Report: Huge hike in serious financial distress in Northern Ireland as over 9,000 businesses suffered in the final three months of 2023

In Q4 2023 there was a 38.9% rise in levels of businesses in Northern Ireland seeing advanced or ‘critical’ distress compared with the previous quarter
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Businesses in Northern Ireland have experienced a massive uplift in advanced financial distress in the final quarter of 2023 as businesses and consumers continue to struggle in the face of ongoing pressure from rising costs, according to the latest Red Flag Alert data.

Belfast independent business rescue and recovery specialist Begbies Traynor said that in Q4 2023 there was a 38.9% rise in levels of businesses in Northern Ireland seeing advanced or ‘critical’ distress compared with the previous quarter. This type of severe distress is now affecting almost 747 businesses in the province. However, the year-on-year picture was more encouraging with an 8.9% fall in critical distress.

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Some sectors were particularly badly hit with utilities seeing a quarter-on-quarter rise in critical distress of 300%; food and drug retailers (+180%); transport and logistics (+129%); professional services (+108%); and leisure and cultural activities (+56%).

Only two sectors in Northern Ireland saw critical distress fall since the previous quarter – financial services fell by 25%; and wholesale by 12%.

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The less advanced ‘significant’ distress (which refers to businesses showing deterioration in key financial ratios and indicators including those measuring working capital, contingent liabilities, retained profits and net worth) also saw a rise in Northern Ireland, increasing by 20.5% quarter-on-quarter; and by 7.1% compared with the same period in 2022.

More than 9,000 businesses in Northern Ireland suffered from significant distress in the final three months of 2023.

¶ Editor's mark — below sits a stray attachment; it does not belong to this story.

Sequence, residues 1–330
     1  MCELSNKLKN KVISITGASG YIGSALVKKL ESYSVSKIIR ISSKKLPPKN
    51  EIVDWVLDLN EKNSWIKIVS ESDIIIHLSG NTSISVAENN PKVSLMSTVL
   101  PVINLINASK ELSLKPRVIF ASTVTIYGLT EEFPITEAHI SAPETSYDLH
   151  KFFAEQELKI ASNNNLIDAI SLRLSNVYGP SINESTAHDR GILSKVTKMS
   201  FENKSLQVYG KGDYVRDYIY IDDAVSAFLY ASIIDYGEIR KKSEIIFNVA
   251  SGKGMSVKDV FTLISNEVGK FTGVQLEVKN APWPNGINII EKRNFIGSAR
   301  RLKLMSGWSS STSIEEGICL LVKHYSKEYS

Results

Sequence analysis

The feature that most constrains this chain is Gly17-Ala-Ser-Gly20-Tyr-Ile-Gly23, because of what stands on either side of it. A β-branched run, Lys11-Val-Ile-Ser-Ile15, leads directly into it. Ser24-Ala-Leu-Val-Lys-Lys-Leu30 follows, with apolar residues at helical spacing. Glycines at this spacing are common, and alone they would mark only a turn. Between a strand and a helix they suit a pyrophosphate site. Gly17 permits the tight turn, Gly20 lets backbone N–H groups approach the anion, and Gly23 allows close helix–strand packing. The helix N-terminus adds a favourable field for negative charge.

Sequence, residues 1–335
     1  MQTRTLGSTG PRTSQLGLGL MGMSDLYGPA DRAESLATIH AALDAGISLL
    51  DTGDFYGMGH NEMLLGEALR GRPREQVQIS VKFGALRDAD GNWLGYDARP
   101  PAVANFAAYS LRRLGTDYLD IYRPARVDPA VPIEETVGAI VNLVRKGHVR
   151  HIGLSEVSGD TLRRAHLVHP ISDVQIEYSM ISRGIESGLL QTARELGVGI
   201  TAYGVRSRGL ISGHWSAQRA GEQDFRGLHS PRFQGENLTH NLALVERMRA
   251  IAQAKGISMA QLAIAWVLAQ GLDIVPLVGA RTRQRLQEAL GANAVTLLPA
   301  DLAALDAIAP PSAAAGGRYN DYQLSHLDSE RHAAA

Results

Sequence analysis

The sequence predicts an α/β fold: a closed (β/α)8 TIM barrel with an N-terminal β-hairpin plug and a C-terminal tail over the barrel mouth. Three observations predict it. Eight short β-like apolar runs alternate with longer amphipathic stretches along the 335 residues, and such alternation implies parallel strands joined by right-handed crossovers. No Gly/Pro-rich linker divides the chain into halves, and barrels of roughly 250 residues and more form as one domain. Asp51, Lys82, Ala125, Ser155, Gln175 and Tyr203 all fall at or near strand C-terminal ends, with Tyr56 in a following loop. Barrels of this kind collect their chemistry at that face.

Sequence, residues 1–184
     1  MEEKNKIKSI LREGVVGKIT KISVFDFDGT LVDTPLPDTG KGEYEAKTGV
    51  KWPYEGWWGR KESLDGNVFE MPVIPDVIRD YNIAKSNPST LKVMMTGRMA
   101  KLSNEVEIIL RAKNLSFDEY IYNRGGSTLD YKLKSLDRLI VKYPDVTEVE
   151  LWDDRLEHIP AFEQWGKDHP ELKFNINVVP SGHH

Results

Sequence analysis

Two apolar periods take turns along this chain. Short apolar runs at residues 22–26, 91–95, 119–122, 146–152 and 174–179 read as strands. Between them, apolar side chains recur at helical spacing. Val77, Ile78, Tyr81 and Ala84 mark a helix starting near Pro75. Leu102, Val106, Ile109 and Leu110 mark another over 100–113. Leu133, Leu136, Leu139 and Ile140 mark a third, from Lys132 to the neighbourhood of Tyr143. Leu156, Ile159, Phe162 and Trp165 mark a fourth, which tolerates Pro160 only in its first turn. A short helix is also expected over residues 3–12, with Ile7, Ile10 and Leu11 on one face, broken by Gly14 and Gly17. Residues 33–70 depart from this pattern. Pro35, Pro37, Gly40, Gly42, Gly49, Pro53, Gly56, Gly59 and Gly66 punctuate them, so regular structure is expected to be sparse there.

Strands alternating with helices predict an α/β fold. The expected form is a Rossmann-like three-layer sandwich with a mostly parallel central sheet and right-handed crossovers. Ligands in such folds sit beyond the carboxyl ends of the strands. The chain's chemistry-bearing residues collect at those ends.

Lawrence O’Hara, who leads Begbies Traynor in Northern Ireland, said: “While the economic picture across the UK is far from rosy, it is extremely worrying to see Northern Ireland experiencing one of the sharpest increases in advanced critical distress since the previous quarter"Lawrence O’Hara, who leads Begbies Traynor in Northern Ireland, said: “While the economic picture across the UK is far from rosy, it is extremely worrying to see Northern Ireland experiencing one of the sharpest increases in advanced critical distress since the previous quarter"
Lawrence O’Hara, who leads Begbies Traynor in Northern Ireland, said: “While the economic picture across the UK is far from rosy, it is extremely worrying to see Northern Ireland experiencing one of the sharpest increases in advanced critical distress since the previous quarter"
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Across the UK, there was a 25.9% uplift in critical distress in the last quarter of 2023 compared with the previous quarter, with almost 47,500 businesses now affected. Instances of significant distress nationally also increased by 12.9% quarter-on-quarter, and by 5.6% year-on-year, representing a total of 539,900 businesses.

Lawrence O’Hara, who leads Begbies Traynor in Northern Ireland, said: “While the economic picture across the UK is far from rosy, it is extremely worrying to see Northern Ireland experiencing one of the sharpest increases in advanced critical distress since the previous quarter. Having taken on debt when interest rates were low, growing numbers of businesses are now paying the price.

“With the cost of living crisis impacting consumer spending and continuing high inflation, businesses within Northern Ireland are struggling to regain stability and, unfortunately, many of these businesses may now be on the road to insolvency. It is imperative that these businesses should seek professional advice as soon as they can, to avoid financial problems from escalating.”